The times, they are a changin’. Or, are they? (Task and Purpose composite image).

Ever since the American military was established, grooming standards have ebbed and flowed with changes in uniform and broader cultural norms over the years. Today, the common belief is that a clean-cut hairstyle, no facial hair, and a sharp-looking uniform are signs of discipline. 

Those folks probably didn’t ask this operator:

How grooming standards have changed in the U.S. military

More recently, the military has been making moves to better embrace different religions, cultures, and races. However, beards are still not allowed, generally speaking. It wasn’t always that way, though. 

High and tights

The history of haircuts in the military went from getting a trim while it was available pre-World War I to being mandatory during the war so that a soldier’s gas mask could properly fit. In World War II, paratroopers shaved their heads down to mohawks to instill fear into the enemy during the D-Day invasion of Normandy in 1944. 

The high and tight became popular in the years after the Vietnam War ended and reigned supreme for many decades to come. In 1989, Army Rangers jumped into Panama rocking high and tights for Operation Just Cause. The high and tight remained the standard in the 75th Rangers for many years, but when legendary Command Sgt. Maj. Greg Birch became the Regimental Sergeant Major, he told his Rangers to ditch the high and tight and follow the Army’s AR 670-1 hair standards.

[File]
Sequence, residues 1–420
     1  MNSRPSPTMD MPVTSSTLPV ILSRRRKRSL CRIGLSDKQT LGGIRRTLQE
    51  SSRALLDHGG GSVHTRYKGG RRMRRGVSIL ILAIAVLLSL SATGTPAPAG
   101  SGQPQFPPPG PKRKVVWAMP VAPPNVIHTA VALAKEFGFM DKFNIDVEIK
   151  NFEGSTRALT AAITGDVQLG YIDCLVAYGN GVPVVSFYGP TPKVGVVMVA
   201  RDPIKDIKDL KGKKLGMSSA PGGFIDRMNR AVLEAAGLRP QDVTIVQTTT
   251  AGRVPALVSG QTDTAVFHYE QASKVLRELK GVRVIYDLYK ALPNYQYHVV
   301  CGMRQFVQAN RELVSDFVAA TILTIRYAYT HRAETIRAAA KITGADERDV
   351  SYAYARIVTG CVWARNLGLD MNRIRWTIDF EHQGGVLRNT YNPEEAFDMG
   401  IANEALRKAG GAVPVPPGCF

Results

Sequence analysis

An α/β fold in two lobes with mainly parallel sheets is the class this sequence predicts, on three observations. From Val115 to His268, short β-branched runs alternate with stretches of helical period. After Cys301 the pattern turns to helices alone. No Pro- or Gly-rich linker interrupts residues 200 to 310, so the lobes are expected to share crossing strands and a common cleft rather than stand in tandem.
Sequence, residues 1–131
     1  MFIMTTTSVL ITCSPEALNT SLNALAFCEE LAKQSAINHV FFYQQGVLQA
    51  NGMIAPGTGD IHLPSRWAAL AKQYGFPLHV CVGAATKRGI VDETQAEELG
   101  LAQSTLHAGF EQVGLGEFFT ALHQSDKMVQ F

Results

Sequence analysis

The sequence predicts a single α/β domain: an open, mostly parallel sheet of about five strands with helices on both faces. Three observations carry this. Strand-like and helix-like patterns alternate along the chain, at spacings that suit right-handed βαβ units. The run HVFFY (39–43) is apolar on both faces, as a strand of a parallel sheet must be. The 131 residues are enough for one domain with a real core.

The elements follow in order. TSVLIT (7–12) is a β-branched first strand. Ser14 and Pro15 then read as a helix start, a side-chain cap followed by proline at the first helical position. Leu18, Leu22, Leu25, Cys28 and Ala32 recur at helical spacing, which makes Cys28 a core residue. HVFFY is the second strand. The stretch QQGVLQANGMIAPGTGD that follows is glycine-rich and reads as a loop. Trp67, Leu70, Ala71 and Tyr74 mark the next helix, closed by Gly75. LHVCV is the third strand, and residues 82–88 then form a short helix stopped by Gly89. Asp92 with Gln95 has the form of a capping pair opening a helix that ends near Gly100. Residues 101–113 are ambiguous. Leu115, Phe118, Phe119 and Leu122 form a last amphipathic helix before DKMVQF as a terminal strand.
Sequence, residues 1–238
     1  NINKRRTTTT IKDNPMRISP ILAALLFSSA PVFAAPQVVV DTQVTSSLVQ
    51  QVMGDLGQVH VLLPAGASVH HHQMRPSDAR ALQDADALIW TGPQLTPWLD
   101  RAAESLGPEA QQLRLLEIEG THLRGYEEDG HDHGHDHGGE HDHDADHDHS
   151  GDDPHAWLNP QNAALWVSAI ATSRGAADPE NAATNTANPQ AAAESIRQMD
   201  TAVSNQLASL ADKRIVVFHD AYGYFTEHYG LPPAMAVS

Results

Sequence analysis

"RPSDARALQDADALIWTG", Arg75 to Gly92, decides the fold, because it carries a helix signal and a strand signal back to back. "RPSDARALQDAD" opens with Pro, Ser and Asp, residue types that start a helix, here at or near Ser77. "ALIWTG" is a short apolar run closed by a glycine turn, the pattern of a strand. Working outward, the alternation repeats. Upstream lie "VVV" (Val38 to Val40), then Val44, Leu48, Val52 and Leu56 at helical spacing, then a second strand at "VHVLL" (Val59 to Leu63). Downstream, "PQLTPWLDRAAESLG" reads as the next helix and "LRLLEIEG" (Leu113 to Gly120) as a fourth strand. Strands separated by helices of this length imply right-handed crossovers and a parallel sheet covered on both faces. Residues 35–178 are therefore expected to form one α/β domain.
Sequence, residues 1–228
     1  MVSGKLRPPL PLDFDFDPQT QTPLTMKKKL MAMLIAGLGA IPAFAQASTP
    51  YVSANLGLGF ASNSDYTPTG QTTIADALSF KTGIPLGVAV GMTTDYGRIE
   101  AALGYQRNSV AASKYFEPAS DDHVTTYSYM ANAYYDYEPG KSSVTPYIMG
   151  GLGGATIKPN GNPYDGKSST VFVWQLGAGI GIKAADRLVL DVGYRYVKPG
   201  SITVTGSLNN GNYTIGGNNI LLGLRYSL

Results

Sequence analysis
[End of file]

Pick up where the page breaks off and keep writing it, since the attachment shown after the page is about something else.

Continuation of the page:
Many other service members from the Marine Corps and conventional Army eventually adopted the high and tight, while others sported a standard flat top or stuck to a shaved head.  

Now, soldiers, sailors, airmen, Marines, and guardians have some leeway with their hairstyles, but they must adhere to the parameters established by their branch of service’s grooming standards. Each branch has mandatory instructions on hair, facial hair, and uniforms. As an example, the Army has Army Regulation 670-1, while the Air Force has the Dept. of the Air Force Instruction 36-2903. 

But, as service members found out over the last two decades at war, maintaining haircuts and facial hair isn’t always practical. This gave way to relaxed grooming standards while deployed for some service members. Every unit had a unique approach to this, but special operations had some of the more notable appearances. 

In the early 2000s, America started seeing glimpses of Green Berets sporting long beards and Navy SEALs with long hair. This was further proof that a haircut and a clean-shaven face aren’t always the best choices, depending on the environment you’re fighting in.

Female service members

Women in the military were held to the rigid restrictions of small, tightly wound hair buns. This made combat helmets fit awkwardly and was a lengthy process. The hairstyle wasn’t practical for all types of hair, either. 

Former Sgt. Maj. of the Army Michael Grinston and a board of service members enacted the latest updates to the Army’s regulations governing women’s hairstyles and appearance in 2021.